I Believe in Father Christmas
|"I Believe In Father Christmas"|
|Single by Greg Lake|
|from the album Works Volume 2|
|Genre||Symphonic pop, Christmas music|
|Writer(s)||Greg Lake, Peter Sinfield|
|Producer(s)||Greg Lake, Peter Sinfield|
"I Believe In Father Christmas" is a song by Greg Lake with lyrics by Peter Sinfield. Although it is often categorised as a Christmas song, this was not Lake's intention. Lake claims to have written the song in protest at the commercialisation of Christmas. Sinfield, however, claims that the words are about a loss of innocence and childhood belief.
The song is often misinterpreted as an anti-religious song and, because of this, Lake was surprised at its success. As he stated in a Mojo magazine interview:
"I find it appalling when people say it's politically incorrect to talk about Christmas, you've got to talk about 'The Holiday Season'. Christmas was a time of family warmth and love. There was a feeling of forgiveness, acceptance. And I do believe in Father Christmas."
The instrumental riff between verses comes from the "Troika" portion of Sergei Prokofiev's Lieutenant Kijé Suite written for a 1934 Soviet film, Lieutenant Kijé, added at Keith Emerson's suggestion.
The song was recorded by Lake in 1974 and released separately from ELP in 1975, reaching number two in the UK charts. The song was kept from number one by Queen's "Bohemian Rhapsody". Lake has commented: "I got beaten by one of the greatest records ever made. I would’ve been pissed off if I’d been beaten by Cliff (Richard)." However, orchestrator Godfrey Salmon was less charitable: "I was surprised the single wasn’t more successful. I thought 'Bohemian Rhapsody' was rubbish, and still do. When it got to No 1 before we’d even brought ours out, I thought it would be long gone by Christmas. How wrong can you get?" The song was released again in 1984 and 1986 making 84 and 98 respectively in the UK Singles Chart.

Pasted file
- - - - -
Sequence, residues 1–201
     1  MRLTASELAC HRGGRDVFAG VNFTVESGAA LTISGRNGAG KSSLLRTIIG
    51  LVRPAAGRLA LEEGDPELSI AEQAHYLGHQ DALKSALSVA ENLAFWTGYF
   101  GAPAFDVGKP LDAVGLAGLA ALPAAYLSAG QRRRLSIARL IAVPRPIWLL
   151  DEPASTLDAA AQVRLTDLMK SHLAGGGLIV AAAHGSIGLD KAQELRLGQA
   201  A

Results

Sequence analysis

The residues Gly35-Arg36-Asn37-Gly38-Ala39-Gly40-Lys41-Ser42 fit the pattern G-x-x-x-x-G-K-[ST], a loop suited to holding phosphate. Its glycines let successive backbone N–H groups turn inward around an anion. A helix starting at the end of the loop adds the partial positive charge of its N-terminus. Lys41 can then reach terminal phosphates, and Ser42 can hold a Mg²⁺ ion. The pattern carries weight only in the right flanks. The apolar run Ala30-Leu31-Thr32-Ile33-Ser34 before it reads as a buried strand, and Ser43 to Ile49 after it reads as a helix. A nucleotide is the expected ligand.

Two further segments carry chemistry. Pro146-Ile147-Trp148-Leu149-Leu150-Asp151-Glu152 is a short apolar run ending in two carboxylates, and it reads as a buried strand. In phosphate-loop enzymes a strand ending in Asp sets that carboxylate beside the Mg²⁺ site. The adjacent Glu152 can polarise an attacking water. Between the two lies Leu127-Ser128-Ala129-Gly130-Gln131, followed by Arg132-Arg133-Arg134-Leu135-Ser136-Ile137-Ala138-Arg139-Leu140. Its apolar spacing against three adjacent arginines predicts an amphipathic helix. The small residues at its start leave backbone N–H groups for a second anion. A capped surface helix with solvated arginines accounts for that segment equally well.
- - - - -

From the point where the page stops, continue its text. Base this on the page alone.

The video for this song, the bulk of which was shot in the Sinai desert and Qumran in the West Bank, also contains shots of the Vietnam War, which has led to complaints from some[according to whom?] that it should not be shown with light-hearted Christmas songs.
A second recording done by the full trio, with a more stripped-down arrangement, was included on the 1977 album Works Volume II. It was recorded a third time in 1993, for the ELP box set The Return of the Manticore, and Lake revisited it yet again for the 2002 Sanctuary Records compilation A Classic Rock Christmas. The song has also appeared on several other ELP and Christmas compilation albums. Mostly notable of these re-releases is a 1995 EP titled I Believe in Father Christmas, which includes Lake's original single as well as the Works Volume II version.
The song has been covered by other artists, including Elaine Paige (on her 1986 album Christmas), Vertical Horizon (on the 2002 compilation Holiday: Sounds of the Season 2002), Sarah Brightman (on her 2008 album A Winter Symphony), U2 (on the 2009 Starbucks charity compilation All You Need Is Love), and Susan Boyle (on her 2013 album Home for Christmas).
- "Greg comments about "Father Christmas"" (MP3). The Official Greg Lake Website. Retrieved 2013-12-11.
- "Peter comments about "Father Christmas"" (Text). The Official Peter Sinfield Website / Song Soup on Sea. Retrieved 2009-12-25.
- Poruchik Kizhe
- Adams, Owen (2006-12-22). "A song for a secular Christmas". Guardian Unlimited: Arts blog (Guardian News and Media). Retrieved 2007-12-22.
- Mulholland, Garry (19 December 2014). "The Making Of... Greg Lake’s I Believe In Father Christmas". Uncut. Retrieved 16 August 2015.
- "Greg Lake". www.officialcharts.com. Retrieved 8 December 2015.